To explain, a Charge Nurse was a female Staff Nurse who had at least a year's post grad experience AND was especially appointed to the position. They were somewhere between a Staff Nurse and a Sister - hence the Staff Nurses uniform but with a blue belt. They worked at night. At a time when all normal wards were staffed only by Students at night, it was obviously necessary to have at least some trained staff. Thus there would be a small number of Night Sisters who did the rounds. I don't remember any Charge Nurses when I first started in 1969 but they seemed to appear at the beginning of the 1970s (but I could be wrong). My guess is they were introduced to provide Nights Sisters on the cheap. Of course, Charge Nurses were also what male Sisters were called. The male Charge Nurse (Sister equivalent) was above a female Charge Nurse (Senior Staff Nurse). This wasn't as complicated as it sounds since male nurses were virtually non- existent at the time. Unless of course you had a male Charge Nurse on at night and then you didn't know which level he was. Students worked on ITU and thus there was the usual structure of Ward Sister (albeit 3 instead of the normal one), Staff Nurses and Students. Circa 1971 it was felt that Student Nurses should no longer work there, only SRNs (RGNs). Around this time Guy's introduced an ITU course for SRNs. This meant that there were 2 sorts of Staff Nurses there - those doing the course and those who had completed and passed it. To differentiate, blue belts were given to SRNs who were ITU trained, making us look like Charge Nurses but with the title of Senior Staff Nurse.

Our outdoor uniform consisted of a victorian black bonnet that looked as if it was tied under the chin (in fact it made use of a press stud) with a black cloak lined in red - wonderfully warm in the winter getting to work on the trains. If you "lived in" there was a smaller version of the cloak. Both of these were turned inside out on Christmas Day to show the red - one poor patient being woken by nurses in their "red cloaks" walking through the ward at 6am Christmas morning singing carols, thought they were angels and that he'd died and gone to heaven! The outdoor uniform was discontinued in 1973 and we had to change out of uniform and into mufti before going home (a real nuisance since the extra few minutes spent doing so could cause you to miss your train which at 10pm ish was only every half hour). We were given the choice of buying our own black gabadine mac + beret but most didn't since it looked so naff.

When I left in Jan 1974, aprons were still worn. Also, just to confirm, we definitely "got our strings" at the beginning of our 3rd year as a Student and not later as a Staff Nurse.

With regard to Sarah's question regarding the date they stopped wearing aprons, the following mail from one of my former colleagues may help to narrow the field.

From Lynda

..Think I left Guys in 1980 about May. Aprons, I'm afraid I can't remember when the starched aprons were phased out as we did not wear them in the renal unit with our trousers and tops. It must have been after 1976 because I wore my sister's uniform with apron (plus pockets) to some of the outpatient clinics...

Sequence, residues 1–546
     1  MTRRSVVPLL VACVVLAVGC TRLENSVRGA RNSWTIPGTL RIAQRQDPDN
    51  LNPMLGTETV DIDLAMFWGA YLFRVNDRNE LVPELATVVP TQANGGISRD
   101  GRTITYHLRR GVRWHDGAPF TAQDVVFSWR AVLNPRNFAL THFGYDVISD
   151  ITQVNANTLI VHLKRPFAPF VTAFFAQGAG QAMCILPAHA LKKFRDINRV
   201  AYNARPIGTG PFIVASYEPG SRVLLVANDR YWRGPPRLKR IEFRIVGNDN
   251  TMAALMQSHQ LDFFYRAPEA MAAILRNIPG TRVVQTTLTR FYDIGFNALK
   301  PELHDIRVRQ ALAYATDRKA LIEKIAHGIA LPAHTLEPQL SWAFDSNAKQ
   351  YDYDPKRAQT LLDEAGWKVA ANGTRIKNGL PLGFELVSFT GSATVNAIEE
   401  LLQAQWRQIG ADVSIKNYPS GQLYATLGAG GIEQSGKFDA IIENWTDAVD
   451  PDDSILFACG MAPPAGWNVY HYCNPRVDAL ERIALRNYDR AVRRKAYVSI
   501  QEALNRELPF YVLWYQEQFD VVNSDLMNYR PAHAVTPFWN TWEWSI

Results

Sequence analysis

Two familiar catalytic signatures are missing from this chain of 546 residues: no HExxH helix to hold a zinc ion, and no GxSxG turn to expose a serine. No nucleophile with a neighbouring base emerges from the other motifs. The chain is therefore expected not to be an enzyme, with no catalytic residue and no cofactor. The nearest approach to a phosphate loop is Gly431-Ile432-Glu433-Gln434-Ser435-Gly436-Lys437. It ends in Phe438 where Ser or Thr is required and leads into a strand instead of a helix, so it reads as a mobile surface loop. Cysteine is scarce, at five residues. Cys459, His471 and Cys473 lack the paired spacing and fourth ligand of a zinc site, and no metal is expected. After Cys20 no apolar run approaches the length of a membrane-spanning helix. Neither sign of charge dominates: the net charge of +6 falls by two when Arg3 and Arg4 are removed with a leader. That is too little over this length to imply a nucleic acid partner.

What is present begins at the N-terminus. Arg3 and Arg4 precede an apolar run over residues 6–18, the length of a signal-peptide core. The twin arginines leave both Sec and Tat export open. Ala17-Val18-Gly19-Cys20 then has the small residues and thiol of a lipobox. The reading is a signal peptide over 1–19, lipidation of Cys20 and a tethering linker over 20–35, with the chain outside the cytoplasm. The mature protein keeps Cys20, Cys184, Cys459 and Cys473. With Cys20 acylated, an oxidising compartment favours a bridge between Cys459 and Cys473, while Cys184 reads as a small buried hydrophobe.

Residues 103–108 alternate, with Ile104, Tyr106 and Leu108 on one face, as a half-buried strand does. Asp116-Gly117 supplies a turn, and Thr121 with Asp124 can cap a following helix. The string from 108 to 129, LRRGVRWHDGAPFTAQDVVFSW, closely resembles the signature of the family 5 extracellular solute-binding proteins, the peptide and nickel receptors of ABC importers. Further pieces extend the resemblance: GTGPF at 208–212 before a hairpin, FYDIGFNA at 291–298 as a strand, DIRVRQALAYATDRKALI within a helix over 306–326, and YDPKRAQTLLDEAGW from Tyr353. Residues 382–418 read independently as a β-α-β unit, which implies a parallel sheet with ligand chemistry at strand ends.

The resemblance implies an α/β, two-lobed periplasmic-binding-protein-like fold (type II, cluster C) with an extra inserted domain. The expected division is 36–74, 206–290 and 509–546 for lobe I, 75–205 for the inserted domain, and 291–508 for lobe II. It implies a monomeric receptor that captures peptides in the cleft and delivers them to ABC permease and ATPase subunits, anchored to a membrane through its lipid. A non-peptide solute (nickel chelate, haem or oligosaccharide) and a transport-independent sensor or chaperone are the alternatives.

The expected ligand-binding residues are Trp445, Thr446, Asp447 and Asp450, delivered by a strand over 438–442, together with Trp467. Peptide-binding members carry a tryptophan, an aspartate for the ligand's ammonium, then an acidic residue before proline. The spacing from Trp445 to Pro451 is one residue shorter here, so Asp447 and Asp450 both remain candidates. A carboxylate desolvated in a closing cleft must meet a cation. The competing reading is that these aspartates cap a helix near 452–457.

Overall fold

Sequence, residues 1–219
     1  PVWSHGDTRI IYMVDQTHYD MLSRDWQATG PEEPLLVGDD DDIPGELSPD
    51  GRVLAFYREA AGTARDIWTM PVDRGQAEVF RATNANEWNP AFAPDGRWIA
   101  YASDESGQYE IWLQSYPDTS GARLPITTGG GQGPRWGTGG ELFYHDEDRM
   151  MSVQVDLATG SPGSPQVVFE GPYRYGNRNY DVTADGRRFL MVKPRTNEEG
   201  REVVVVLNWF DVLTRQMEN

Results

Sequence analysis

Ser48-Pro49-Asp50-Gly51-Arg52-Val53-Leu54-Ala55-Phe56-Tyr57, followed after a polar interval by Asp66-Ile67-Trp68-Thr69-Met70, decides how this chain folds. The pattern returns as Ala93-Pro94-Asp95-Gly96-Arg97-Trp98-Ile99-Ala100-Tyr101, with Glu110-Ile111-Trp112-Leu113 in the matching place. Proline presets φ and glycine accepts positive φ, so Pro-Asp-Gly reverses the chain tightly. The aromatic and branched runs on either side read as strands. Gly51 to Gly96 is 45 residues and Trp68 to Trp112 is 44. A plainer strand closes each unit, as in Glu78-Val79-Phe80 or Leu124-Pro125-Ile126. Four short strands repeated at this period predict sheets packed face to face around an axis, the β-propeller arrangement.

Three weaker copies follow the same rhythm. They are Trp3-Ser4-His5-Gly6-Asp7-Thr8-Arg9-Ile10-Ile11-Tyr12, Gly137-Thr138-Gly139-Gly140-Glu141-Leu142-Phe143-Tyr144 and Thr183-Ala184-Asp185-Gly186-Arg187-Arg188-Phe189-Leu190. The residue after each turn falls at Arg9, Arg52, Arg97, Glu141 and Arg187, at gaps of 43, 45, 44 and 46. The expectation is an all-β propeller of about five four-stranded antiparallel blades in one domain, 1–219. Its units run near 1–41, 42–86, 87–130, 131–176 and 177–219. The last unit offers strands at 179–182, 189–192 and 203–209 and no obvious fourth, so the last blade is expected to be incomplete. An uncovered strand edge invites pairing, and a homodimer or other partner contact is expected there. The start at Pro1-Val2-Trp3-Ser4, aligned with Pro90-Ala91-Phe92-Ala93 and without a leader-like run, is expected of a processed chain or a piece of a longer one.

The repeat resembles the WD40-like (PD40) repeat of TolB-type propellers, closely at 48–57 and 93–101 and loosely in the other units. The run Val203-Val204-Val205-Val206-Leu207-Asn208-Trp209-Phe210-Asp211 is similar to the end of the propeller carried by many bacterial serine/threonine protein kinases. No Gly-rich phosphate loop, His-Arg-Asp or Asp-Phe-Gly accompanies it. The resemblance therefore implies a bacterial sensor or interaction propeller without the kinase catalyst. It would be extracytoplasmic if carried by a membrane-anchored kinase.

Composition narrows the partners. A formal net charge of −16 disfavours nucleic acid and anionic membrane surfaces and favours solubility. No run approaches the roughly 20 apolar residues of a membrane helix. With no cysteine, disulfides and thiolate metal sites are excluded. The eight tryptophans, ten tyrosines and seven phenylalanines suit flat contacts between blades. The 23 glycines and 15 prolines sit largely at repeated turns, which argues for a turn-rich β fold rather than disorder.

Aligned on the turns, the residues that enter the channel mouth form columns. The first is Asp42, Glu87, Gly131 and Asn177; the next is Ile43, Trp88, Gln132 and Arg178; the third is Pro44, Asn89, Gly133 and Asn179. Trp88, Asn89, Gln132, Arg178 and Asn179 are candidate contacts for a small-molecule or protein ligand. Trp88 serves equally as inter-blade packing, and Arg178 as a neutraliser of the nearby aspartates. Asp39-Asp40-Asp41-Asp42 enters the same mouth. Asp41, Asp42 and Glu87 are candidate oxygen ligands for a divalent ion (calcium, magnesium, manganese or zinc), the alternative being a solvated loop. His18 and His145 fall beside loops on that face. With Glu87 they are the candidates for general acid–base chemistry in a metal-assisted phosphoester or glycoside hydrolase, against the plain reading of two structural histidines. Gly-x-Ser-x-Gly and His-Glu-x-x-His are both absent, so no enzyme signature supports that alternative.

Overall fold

...Still can't remember when we said goodbye to the aprons but it must have been while I was still there because the "can't move your legs uniform" came in soon after I got my sister's post as I was one of the last to get the old uniform...

As I was used to the old Guy's uniform with the gathers in the back, or the blue trouser suit worn in the Renal unit, I was used to taking long strides at fast pace. The new uniform with the straight skirt did not allow this, also not so good for lifting ( this probably means not doing it correctly by today's standards but then we were allowed to lift 20stone people up the bed, no hoists or very few, but that old 'Australian lift' always seemed to work! Perhaps Nurses with a more lady like 'stride' did not have this problem...

From Angela Webb, 2010

This photo was taken on the Queen's visit in 1976 to celebrate the 250th anniversary of Guys Hospital. It's a good photo as it shows several generations of uniform. On the left the newly introduced 'national', one colour, but still using the old hat. The white uniforms were worn by allied health professionals, the colour of their belts determining who they were eg. OT or Physio. The dark blue was the Ward Sister uniform. The long uniform was an original matrons uniform. Only “head” nurses or 3rd years were allowed to form the guard of honour for the Queen that day still wearing the fabric caps and strings as they were called. The rest of us had to look on! I was in last group to wear the old fabric uniform still with gathers at the back a hangover from the bustle. It was excellent as it gave you plenty of room to do the famous Aussie Lift up the bed. In the winter we wore the heavy black and red woollen capes.

The hats were something else! We took our first 3 months learning how to make them. They started off as a semi circle of starched fabric which you then had to gather up around a piece of cardboard, and make sure you had only 8 fluted bits and pleats at the back. If you got caught in the rain they just disintegrated and you had to start again. You only had 2 from the laundry each week so they were pretty precious! Kept on your head with bobby pins and the “strings” in your 3rd year were the same 2 pieces of starched fabric that you had to fold join together, tied around the top of your head, secured with bobby pins before sitting your cap on top! Crazy now to think about it. The cardboard hats were brought in with the new uniforms after 1976. This photo below is of my group at the start of our training in September 1974.

Another photo of the Queens visit in 1976, she's entering from the walkway after parking outside the front entrance.